The New Zealand game of mū tōrere is illustrated above with a beautiful handmade wooden board. The game seems to have been developed by the Māori people in response to the European game of draughts (checkers). Play is quite different from draughts, however. The game starts as shown above, with Black to move first. Legal moves involve moving a piece to an adjacent empty space:
- along the periphery (kewai), or
- from the centre (pūtahi) to the periphery, or
- from the periphery to the centre, provided the moved piece is adjacent to an opponent’s piece.
Game play continues forever until a draw is called (by mutual consent) or a player loses by being unable to move. Neither player can force a win, in general, so a loss is always the result of a mistake. For each player there is one “big trap” and four “small traps.” This is the “big trap” (Black wins in 5 moves):
The board on the left is the “big trap” for White – Black can force a win by moving as shown, which leaves only one move for White.
Again, Black moves as shown, which leaves only one move for White.
Now, when Black moves as shown, White cannot move, which means that White loses.
Here is one of the four “small traps” for White. The obvious move by Black results in White losing (but avoiding this does not require looking quite so far ahead as with the “big trap”):
Here (click to zoom) is the complete network of 86 game states for mū tōrere (40 board positions which can occur in both a “Black to move” and a “White to move” form, plus 6 other “lost” board positions). Light-coloured circles indicate White to move, and dark-coloured circles Black to move, with the start position in blue at the top right. Red and pink circles are a guaranteed win for Black, while green circles are a guaranteed win for White. Arrows indicate moves, with coloured arrows being forced moves. The diagram (produced in R) does not fully indicate the symmetry of the network. Many of the cycles are clearly visible, however:
The beetle above, from the North Island of New Zealand, is Rentonium bicolor. This colourful fungus-eating insect was described in the recent paper “A new species of mycophagous Rentonium (Coleoptera: Cleroidea: Trogossitidae) based on larvae and adults, and a catalogue of Rentoniinae” by Matthew Gimmel and New Zealand researcher Richard Leschen.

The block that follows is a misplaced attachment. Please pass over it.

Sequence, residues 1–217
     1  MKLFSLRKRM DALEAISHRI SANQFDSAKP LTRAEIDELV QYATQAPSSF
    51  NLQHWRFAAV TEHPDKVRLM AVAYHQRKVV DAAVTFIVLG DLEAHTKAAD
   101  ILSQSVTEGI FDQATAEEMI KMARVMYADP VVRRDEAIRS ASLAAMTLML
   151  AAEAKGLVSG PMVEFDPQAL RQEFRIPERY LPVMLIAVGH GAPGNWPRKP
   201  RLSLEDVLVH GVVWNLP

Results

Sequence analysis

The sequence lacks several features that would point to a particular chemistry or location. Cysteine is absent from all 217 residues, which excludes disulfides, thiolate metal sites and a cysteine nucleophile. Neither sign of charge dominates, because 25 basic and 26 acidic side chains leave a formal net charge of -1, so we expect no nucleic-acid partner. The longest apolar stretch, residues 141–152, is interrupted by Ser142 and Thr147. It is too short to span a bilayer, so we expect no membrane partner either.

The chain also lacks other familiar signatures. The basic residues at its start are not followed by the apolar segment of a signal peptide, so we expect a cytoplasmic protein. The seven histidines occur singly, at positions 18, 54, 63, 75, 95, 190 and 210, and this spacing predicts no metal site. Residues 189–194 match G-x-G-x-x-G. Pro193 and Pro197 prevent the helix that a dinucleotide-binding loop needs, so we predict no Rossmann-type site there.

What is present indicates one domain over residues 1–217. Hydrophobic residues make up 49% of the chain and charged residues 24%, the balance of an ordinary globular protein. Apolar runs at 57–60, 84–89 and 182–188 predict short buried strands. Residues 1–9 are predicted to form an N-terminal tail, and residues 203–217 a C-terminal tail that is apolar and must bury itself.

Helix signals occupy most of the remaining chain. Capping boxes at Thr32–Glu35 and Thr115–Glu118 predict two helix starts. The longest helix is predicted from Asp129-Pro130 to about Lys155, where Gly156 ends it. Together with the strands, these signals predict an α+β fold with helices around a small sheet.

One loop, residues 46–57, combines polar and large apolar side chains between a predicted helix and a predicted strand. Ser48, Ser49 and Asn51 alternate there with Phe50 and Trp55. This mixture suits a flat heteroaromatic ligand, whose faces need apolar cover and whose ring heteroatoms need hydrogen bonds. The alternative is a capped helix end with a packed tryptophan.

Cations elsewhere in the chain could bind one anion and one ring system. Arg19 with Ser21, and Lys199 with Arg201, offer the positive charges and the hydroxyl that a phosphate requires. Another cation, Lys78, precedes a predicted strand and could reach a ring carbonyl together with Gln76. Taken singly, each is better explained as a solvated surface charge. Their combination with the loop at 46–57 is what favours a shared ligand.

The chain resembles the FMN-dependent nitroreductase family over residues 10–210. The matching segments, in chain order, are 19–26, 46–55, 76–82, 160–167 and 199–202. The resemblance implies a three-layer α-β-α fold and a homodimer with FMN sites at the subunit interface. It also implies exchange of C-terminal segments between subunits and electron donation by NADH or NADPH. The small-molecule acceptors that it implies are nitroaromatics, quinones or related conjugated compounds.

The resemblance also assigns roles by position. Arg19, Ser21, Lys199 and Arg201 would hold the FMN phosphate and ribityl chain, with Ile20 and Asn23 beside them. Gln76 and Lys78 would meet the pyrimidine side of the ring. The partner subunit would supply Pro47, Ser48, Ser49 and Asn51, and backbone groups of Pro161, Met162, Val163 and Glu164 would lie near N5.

Who knows how many such insects are still waiting to be discovered?
A recent paper “Parasites Affect Food Web Structure Primarily through Increased Diversity and Complexity” in PLoS Biology by Jennifer Dunne and others (including Robert Poulin from Otago) examines the effect of including parasites in food webs. The primary impact appears “attributable to the generic effects of increases in diversity and complexity, regardless of the identity or type of species and links being added.” However, parasites do impact network motifs because of, for example, the ingestion of parasites by predators of their hosts.
See also Assembling my network, Roopnarine’s foodweblog and the Parasite ecology blog.
Prompted by recent news about the H7N9 “bird flu,” the talented team at “Information is Beautiful” produced the graphic above (click on the image to zoom), based on this data. See also this press briefing from the CDC on H7N9. New Zealand readers will be interested in this graphic on influenza in Auckland:
The so-called “Foster Census” of cubic symmetric graphs (networks) has been very ably continued by New Zealand mathematician Professor Marston Conder. In August last year, he gave us a complete list of cubic symmetric graphs on up to 10,000 vertices. The chart above summarises that list, noting the diameter, girth, and order (number of vertices) of each graph. Each coloured dot is a graph. Seven of the better-known graphs are labelled, and the Tutte–Coxeter graph is illustrated (click on the chart for a larger image).
The University of Auckland: it’s not just fantastic movies that come out of New Zealand!